5Eigenvalues and eigenvectors

IA Vectors and Matrices

5.8 Eigenvalues and eigenvectors of a Hermitian matrix
5.8.1 Eigenvalues and eigenvectors
Theorem. The eigenvalues of a Hermitian matrix H are real.
Proof. Suppose that H has eigenvalue λ with eigenvector v 6= 0. Then
Hv = λv.
We pre-multiply by v
, a 1 × n row vector, to obtain
v
Hv = λv
v ()
We take the Hermitian conjugate of both sides. The left hand side is
(v
Hv)
= v
H
v = v
Hv
since H is Hermitian. The right hand side is
(λv
v)
= λ
v
v
So we have
v
Hv = λ
v
v.
From (
), we know that
λv
v
=
λ
v
v
. Since
v 6
= 0, we know that
v
v
=
v · v 6= 0. So λ = λ
and λ is real.
Theorem.
The eigenvectors of a Hermitian matrix
H
corresponding to distinct
eigenvalues are orthogonal.
Proof. Let
Hv
i
= λ
i
v
i
(i)
Hv
j
= λ
j
v
j
. (ii)
Pre-multiply (i) by v
j
to obtain
v
j
Hv
i
= λ
i
v
j
v
i
. (iii)
Pre-multiply (ii) by v
i
and take the Hermitian conjugate to obtain
v
j
Hv
i
= λ
j
v
j
v
i
. (iv)
Equating (iii) and (iv) yields
λ
i
v
j
v
i
= λ
j
v
j
v
i
.
Since
λ
i
6
=
λ
j
, we must have
v
j
v
i
= 0. So their inner product is zero and are
orthogonal.
So we know that if a Hermitian matrix has
n
distinct eigenvalues, then
the eigenvectors form an orthonormal basis. However, if there are degenerate
eigenvalues, it is more difficult, and requires the Gram-Schmidt process.
5.8.2 Gram-Schmidt orthogonalization (non-examinable)
Suppose we have a set
B
=
{w
1
, w
2
, ··· , w
r
}
of linearly independent vectors.
We want to find an orthogonal set
˜
B = {v
1
, v
2
, ··· , v
r
}.
Define the projection of
w
onto
v
by
P
v
(
w
) =
hv|wi
hv|vi
v
. Now construct
˜
B
iteratively:
(i) v
1
= w
1
(ii) v
2
= w
2
P
v
1
(w)
Then we get that hv
1
| v
2
i = hv
1
| w
2
i
hv
1
|w
2
i
hv
1
|v
1
i
hv
1
| v
1
i = 0
(iii) v
3
= w
3
P
v
1
(w
3
) P
v
2
(w
3
)
(iv)
.
.
.
(v) v
r
= w
r
r1
X
j=1
P
v
j
(w
r
)
At each step, we subtract out the components of
v
i
that belong to the space
of
{v
1
, ··· , v
k1
}
. This ensures that all the vectors are orthogonal. Finally, we
normalize each basis vector individually to obtain an orthonormal basis.
5.8.3 Unitary transformation
Suppose
U
is the transformation between one orthonormal basis and a new
orthonormal basis {u
1
, u
2
, ··· , u
n
}, i.e. hu
i
| u
j
i = δ
ij
. Then
U =
(u
1
)
1
(u
2
)
1
··· (u
n
)
1
(u
1
)
2
(u
2
)
2
··· (u
n
)
2
.
.
.
.
.
.
.
.
.
.
.
.
(u
1
)
n
(u
2
)
n
··· (u
n
)
n
Then
(U
U)
ij
= (U
)
ik
U
kj
= U
ki
U
kj
= (u
i
)
k
(u
j
)
k
= hu
i
| u
j
i
= δ
ij
So U is a unitary matrix.
5.8.4 Diagonalization of n × n Hermitian matrices
Theorem.
An
n × n
Hermitian matrix has precisely
n
orthogonal eigenvectors.
Proof.
(Non-examinable) Let
λ
1
, λ
2
, ··· , λ
r
be the distinct eigenvalues of
H
(
r
n
), with a set of corresponding orthonormal eigenvectors
B
=
{v
1
, v
2
, ··· , v
r
}
.
Extend to a basis of the whole of C
n
B
0
= {v
1
, v
2
, ··· , v
r
, w
1
, w
2
, ··· , w
nr
}
Now use Gram-Schmidt to create an orthonormal basis
˜
B = {v
1
, v
2
, ··· , v
r
, u
1
, u
2
, ··· , u
nr
}.
Now write
P =
v
1
v
2
··· v
r
u
1
··· u
nr
We have shown above that this is a unitary matrix, i.e.
P
1
=
P
. So if we
change basis, we have
P
1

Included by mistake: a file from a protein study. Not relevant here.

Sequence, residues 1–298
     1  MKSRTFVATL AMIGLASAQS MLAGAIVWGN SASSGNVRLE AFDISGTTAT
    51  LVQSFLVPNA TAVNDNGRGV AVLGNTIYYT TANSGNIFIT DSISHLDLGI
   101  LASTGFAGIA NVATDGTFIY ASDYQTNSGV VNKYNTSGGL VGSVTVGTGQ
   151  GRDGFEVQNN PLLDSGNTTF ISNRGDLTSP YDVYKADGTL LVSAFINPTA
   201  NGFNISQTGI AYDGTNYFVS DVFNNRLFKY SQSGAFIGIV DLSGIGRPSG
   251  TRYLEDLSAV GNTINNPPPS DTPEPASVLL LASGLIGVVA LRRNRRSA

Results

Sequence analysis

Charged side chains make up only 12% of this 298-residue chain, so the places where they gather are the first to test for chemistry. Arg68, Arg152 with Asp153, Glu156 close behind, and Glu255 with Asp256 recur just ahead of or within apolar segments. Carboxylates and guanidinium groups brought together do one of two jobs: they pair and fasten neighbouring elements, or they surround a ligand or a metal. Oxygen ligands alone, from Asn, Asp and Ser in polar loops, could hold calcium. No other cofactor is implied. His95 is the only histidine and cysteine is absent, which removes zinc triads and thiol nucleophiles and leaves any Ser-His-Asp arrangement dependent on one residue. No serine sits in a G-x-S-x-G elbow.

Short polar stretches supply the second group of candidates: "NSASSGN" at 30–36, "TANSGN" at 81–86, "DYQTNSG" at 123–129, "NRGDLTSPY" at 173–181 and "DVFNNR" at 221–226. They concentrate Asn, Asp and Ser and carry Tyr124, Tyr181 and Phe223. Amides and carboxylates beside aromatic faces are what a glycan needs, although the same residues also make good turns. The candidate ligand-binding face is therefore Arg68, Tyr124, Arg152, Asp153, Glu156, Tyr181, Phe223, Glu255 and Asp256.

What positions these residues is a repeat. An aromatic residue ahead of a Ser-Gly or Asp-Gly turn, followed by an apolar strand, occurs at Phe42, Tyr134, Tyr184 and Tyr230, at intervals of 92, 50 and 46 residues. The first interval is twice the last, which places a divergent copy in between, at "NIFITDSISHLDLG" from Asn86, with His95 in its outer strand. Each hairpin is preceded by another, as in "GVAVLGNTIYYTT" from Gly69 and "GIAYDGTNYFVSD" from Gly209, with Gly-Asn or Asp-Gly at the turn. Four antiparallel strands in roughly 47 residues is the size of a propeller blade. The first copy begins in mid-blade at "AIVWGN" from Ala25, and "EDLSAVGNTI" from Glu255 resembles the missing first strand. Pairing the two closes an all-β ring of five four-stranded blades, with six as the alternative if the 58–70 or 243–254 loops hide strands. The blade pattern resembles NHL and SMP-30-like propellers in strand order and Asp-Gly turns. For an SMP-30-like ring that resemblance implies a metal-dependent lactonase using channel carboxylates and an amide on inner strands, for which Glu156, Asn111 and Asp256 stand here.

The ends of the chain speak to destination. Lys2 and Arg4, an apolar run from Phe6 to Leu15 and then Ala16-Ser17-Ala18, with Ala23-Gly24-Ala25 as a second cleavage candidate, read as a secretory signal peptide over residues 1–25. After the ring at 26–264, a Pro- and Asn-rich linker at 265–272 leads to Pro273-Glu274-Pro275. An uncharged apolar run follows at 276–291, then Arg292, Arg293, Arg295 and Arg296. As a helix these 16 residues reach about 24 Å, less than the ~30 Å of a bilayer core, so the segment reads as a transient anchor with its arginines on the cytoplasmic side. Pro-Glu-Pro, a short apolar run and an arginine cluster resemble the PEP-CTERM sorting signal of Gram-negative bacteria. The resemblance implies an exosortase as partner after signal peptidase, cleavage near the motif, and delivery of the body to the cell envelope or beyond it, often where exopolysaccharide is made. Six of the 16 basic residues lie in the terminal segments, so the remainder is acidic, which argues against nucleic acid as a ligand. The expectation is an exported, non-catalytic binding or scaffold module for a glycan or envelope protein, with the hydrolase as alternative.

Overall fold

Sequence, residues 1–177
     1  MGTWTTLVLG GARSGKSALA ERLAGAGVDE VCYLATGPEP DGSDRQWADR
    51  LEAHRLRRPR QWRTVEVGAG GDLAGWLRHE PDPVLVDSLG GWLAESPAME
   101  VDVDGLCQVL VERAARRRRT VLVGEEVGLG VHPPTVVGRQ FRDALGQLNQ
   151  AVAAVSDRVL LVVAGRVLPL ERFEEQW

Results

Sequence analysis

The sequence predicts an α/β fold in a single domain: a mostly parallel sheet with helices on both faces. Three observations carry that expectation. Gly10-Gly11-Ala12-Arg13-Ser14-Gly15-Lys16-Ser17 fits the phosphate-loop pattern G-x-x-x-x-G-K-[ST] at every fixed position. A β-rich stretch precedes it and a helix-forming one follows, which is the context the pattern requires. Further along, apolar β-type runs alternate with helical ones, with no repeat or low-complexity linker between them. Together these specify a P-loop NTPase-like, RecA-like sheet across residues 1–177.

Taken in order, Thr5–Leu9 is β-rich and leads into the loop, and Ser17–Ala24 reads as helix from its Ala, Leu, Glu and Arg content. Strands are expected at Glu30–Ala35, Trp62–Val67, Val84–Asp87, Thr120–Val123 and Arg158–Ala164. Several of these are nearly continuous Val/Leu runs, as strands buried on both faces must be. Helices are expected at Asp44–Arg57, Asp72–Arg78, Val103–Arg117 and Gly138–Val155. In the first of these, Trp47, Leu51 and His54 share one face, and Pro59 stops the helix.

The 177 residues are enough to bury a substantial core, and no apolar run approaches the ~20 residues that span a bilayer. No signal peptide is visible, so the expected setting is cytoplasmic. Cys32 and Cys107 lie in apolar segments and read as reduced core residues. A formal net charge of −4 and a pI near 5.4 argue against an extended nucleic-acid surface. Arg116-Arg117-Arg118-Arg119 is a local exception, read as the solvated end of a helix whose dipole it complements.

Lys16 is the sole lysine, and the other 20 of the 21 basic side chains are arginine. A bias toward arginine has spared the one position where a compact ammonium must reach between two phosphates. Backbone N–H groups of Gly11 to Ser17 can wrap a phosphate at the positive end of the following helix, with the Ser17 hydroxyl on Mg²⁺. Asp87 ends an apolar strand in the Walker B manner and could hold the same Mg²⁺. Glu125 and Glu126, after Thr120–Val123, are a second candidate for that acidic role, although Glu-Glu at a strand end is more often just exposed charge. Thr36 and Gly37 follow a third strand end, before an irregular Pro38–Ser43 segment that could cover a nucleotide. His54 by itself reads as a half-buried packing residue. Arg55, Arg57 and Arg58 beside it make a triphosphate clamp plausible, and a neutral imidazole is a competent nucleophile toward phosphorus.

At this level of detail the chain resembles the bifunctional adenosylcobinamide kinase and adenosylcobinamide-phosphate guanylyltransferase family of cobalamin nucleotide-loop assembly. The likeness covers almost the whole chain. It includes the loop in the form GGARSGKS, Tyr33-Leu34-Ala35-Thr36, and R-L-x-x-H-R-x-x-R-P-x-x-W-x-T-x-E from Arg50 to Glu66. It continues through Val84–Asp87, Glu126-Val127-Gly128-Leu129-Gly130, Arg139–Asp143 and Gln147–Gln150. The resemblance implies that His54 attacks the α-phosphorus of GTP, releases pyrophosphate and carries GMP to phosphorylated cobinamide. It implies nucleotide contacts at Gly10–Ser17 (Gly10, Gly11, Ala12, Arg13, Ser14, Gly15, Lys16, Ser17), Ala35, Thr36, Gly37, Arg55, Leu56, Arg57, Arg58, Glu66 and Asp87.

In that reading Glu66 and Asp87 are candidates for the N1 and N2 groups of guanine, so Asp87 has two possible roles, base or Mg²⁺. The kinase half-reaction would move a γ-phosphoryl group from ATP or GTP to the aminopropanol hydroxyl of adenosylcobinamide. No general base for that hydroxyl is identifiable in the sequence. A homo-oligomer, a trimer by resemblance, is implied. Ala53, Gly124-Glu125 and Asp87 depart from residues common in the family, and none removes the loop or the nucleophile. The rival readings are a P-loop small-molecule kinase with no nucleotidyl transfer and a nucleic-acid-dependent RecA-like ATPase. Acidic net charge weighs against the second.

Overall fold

HP = P
HP
=
λ
1
0 ··· 0 0 0 ··· 0
0 λ
2
··· 0 0 0 ··· 0
.
.
.
.
.
.
.
.
.
.
.
.
.
.
.
.
.
.
.
.
.
0
0 0 ··· λ
r
0 0 ··· 0
0 0 ··· 0 c
11
c
12
··· c
1,nr
0 0 ··· 0 c
21
c
22
··· c
2,nr
.
.
.
.
.
.
.
.
.
.
.
.
.
.
.
.
.
.
.
.
.
.
.
.
0 0 ··· 0 c
nr,1
c
nr,2
··· c
nr,nr
Here
C
is an (
n r
)
×
(
n r
) Hermitian matrix. The eigenvalues of
C
are also
eigenvalues of
H
because
det
(
H λI
) =
det
(
P
HP λI
) = (
λ
1
λ
)
···
(
λ
r
λ) det(C λI). So the eigenvalues of C are the eigenvalues of H.
We can keep repeating the process on
C
until we finish all rows. For example,
if the eigenvalues of
C
are all distinct, there are
n r
orthonormal eigenvectors
w
j
(for j = r + 1, ··· , n) of C. Let
Q =
1
1
.
.
.
1
w
r+1
w
r+2
··· w
n
with other entries 0. (where we have a
r × r
identity matrix block on the top
left corner and a (n r) ×(n r) with columns formed by w
j
)
Since the columns of
Q
are orthonormal,
Q
is unitary. So
Q
P
HP Q
=
diag
(
λ
1
, λ
2
, ··· , λ
r
, λ
r+1
, ··· , λ
n
), where the first
r λ
s are distinct and the re-
maining ones are copies of previous ones.
The n linearly-independent eigenvectors are the columns of PQ.
So it now follows that
H
is diagonalizable via transformation
U
(=
P Q
).
U
is a unitary matrix because P and Q are. We have
D = U
HU
H = UDU
Note that a real symmetric matrix
S
is a special case of Hermitian matrices. So
we have
D = Q
T
SQ
S = QDQ
T
Example.
Find the orthogonal matrix which diagonalizes the following real
symmetric matrix: S =
1 β
β 1
with β 6= 0 R.
We find the eigenvalues by solving the characteristic equation:
det
(
SλI
) = 0,
and obtain λ = 1 ± β.
The corresponding eigenvectors satisfy (
S λI
)
x
= 0, which gives
x
=
1
2
1
±1
We change the basis from the standard basis to
1
2
1
1
,
1
2
1
1
(which
is just a rotation by π/4).
The transformation matrix is
Q
=
1/
2 1/
2
1/
2 1/
2
. Then we know that
S = QDQ
T
with D = diag(1, 1)
5.8.5 Normal matrices
We have seen that the eigenvalues and eigenvectors of Hermitian matrices satisfy
some nice properties. More generally, we can define the following:
Definition
(Normal matrix)
.
A normal matrix as a matrix that commutes with
its own Hermitian conjugate, i.e.
NN
= N
N
Hermitian, real symmetric, skew-Hermitian, real anti-symmetric, orthogonal,
unitary matrices are all special cases of normal matrices.
It can be shown that:
Proposition.
(i) If λ is an eigenvalue of N, then λ
is an eigenvalue of N
.
(ii) The eigenvectors of distinct eigenvalues are orthogonal.
(iii)
A normal matrix can always be diagonalized with an orthonormal basis of
eigenvectors.